Daisy Spot has been one of Sacramento’s most interesting and exciting bands for the past two decades even though they’ve released only one CD to date. Fortunately, their self-titled debut album (released in 2005) was well worth the 13-year wait. Co-lead singers Mike Farrell and Tatiana Latour manage to maintain a sensuous vibe throughout as they seductively croon in unison on most of the tracks. Despite the consistent tone, the band touches on a variety of styles, including bossa nova (“Leinaala”), country (“See Dick Drive”), rock (“Stuck in the Mud”), and soul (“All I Wanna Know”). The album won a SAMMIE (Sacramento Area Music Award) in 2006 for “Best Local CD,” although I believe it could’ve been in contention for the best among any released nationally that year had it reached more ears. Tatiana also won for “Best Female Vocalist,” and she could’ve easily earned it just for her breathtakingly-beautiful performance on “All I Wanna Know.” Her other solo number “Erzulie” was recorded on an answering machine, giving it an eerie quality that’s highlighted at the right moment by the sound of a distant siren in the background.
Although the CD’s an instant classic, it doesn’t quite prepare the uninitiated for just how exhilarating their live shows can be. Bassist Brian Latour and drummer Alex Jenkins always provide reliable and steady support, but the adrenaline really kicks in whenever guitarist Farrell launches into one of his incendiary solos while Tatiana dances as though in a trance. I remember being mesmerized by this pair of former lovers the first time I saw them perform in a club, and they’ve continued to work their magic together many years after introducing themselves as a rock ‘n’ roll couple. Unfortunately, their live appearances have been very sporadic in recent years, and the likelihood of another Daisy Spot album seems slim even though they’ve developed enough material over the years to justify the effort.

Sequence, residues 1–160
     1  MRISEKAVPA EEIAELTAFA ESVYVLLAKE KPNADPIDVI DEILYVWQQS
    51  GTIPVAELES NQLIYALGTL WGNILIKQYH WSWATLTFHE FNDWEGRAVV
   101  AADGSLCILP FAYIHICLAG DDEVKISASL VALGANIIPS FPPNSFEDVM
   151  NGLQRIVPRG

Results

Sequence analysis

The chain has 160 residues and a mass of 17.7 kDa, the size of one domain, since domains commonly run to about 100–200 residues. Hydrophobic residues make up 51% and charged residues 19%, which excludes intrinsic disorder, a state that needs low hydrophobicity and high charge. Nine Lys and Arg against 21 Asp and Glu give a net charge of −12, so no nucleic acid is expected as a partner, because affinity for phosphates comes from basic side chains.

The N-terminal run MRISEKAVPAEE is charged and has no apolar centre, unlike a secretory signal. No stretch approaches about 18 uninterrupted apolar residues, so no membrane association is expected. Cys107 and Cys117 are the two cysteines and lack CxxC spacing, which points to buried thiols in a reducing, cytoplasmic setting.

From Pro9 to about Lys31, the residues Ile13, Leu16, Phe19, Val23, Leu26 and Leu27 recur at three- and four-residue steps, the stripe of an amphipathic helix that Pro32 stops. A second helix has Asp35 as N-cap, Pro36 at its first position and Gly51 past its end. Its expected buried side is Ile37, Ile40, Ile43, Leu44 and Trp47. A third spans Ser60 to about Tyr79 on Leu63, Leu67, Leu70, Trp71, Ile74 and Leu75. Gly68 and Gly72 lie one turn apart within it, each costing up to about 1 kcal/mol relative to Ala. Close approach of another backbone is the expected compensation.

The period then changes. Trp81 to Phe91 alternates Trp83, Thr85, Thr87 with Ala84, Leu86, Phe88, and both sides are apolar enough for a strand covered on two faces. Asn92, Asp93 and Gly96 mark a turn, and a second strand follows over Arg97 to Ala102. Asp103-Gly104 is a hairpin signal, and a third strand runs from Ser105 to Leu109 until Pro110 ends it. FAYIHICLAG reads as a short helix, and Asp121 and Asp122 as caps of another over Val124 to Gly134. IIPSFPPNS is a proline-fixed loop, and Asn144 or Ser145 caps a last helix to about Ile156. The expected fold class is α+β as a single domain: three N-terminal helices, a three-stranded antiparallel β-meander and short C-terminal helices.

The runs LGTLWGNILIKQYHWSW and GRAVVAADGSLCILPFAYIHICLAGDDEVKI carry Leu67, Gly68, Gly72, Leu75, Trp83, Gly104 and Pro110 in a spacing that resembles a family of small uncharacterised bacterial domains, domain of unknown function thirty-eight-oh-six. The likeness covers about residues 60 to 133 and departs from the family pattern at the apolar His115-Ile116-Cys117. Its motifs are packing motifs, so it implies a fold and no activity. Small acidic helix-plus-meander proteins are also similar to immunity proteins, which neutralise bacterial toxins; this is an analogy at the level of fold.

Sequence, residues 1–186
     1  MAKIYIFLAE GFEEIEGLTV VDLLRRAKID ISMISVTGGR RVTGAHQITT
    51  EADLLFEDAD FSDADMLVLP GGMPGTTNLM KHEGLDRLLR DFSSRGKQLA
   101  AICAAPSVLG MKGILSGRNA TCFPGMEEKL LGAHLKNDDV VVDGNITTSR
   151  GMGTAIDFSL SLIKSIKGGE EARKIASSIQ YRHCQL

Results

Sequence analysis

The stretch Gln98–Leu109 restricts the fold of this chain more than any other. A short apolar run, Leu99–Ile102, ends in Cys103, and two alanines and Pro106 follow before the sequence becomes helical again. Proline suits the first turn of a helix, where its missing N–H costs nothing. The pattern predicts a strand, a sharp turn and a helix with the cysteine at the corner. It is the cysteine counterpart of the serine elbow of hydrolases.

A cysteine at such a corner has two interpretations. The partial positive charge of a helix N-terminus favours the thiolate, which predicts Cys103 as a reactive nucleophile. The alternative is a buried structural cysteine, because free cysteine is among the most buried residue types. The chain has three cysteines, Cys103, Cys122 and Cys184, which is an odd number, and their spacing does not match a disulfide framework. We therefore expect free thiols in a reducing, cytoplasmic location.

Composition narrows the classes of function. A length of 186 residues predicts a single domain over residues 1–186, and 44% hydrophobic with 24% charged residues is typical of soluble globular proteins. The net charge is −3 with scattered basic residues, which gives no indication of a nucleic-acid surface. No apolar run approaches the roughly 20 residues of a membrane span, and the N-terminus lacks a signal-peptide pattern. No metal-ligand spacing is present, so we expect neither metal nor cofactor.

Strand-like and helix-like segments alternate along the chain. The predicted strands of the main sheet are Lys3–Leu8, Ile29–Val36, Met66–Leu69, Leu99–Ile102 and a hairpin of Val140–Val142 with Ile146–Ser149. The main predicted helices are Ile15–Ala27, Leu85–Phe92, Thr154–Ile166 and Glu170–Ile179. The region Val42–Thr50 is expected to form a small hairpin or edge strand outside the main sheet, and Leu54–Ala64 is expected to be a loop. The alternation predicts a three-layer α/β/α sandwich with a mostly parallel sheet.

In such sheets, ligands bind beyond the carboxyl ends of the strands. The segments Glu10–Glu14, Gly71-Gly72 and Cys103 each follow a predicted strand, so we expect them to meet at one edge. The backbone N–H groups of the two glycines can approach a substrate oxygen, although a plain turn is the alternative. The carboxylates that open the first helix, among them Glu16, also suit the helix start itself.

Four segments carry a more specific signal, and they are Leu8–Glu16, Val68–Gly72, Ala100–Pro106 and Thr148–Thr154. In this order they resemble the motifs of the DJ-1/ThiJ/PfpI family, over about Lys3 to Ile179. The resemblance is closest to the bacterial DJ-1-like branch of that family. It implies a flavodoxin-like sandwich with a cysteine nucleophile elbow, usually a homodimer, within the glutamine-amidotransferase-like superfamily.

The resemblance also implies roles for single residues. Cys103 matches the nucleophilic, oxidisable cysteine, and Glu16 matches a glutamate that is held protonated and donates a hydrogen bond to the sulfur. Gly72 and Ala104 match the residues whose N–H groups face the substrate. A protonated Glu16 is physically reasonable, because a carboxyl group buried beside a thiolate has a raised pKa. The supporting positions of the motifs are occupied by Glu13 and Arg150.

In addition to Daisy Spot, Mike Farrell has been involved with a number of other bands like Th’ Losin Streaks, Persephone’s Bees, Moore, Sex 66, and, most recently, Jenn Rogar and the Adorables. In 2009, he finally released his first solo album Devil May Care, which also comes highly recommended. It didn’t knock me out right away as Daisy Spot’s debut did, but I couldn’t deny just how phenomenal it really is once I spent more time with it. It certainly does a much better job of showing off Farrell’s full range as a musician in a way his various other projects have been unable to do. Longtime fans know Farrell’s paid the price for his rock ‘n’ roll lifestyle. Having spent a great deal of time in rehab, he’s lucky just to be alive, and he knows it. He’s also a badass rock star, and he knows that too. He’s Jimi Hendrix, Mick & Keith, Lou Reed, Jim Morrison, Johnny Rotten . . . screw it, he’s Mike Farrell, dammit! I have no idea why his legend hasn’t extended well beyond Sacramento, but I suppose I could say the same for all the artists featured in this blog. Anyway, back to Devil May Care. I could break it down for you track by track, but you really need to just buy it and listen and be amazed that an old-fashioned rocker like Farrell can still pull out all the stops and leave you breathless. The only thing remotely disappointing is that the garish cover art and the typeface used for the song titles circling the border make them extremely difficult to read. But then perfection’s ridiculously overrated, isn’t it?
Bonus Fun Fact – Mike Farrell once performed as a clown in a Tom Jones tribute band called Bozo Knows Jones. He also played drums and portrayed a decidedly un-American superhero called Captain Commie for the notorious Whorelords.
You can find Daisy Spot for sale here.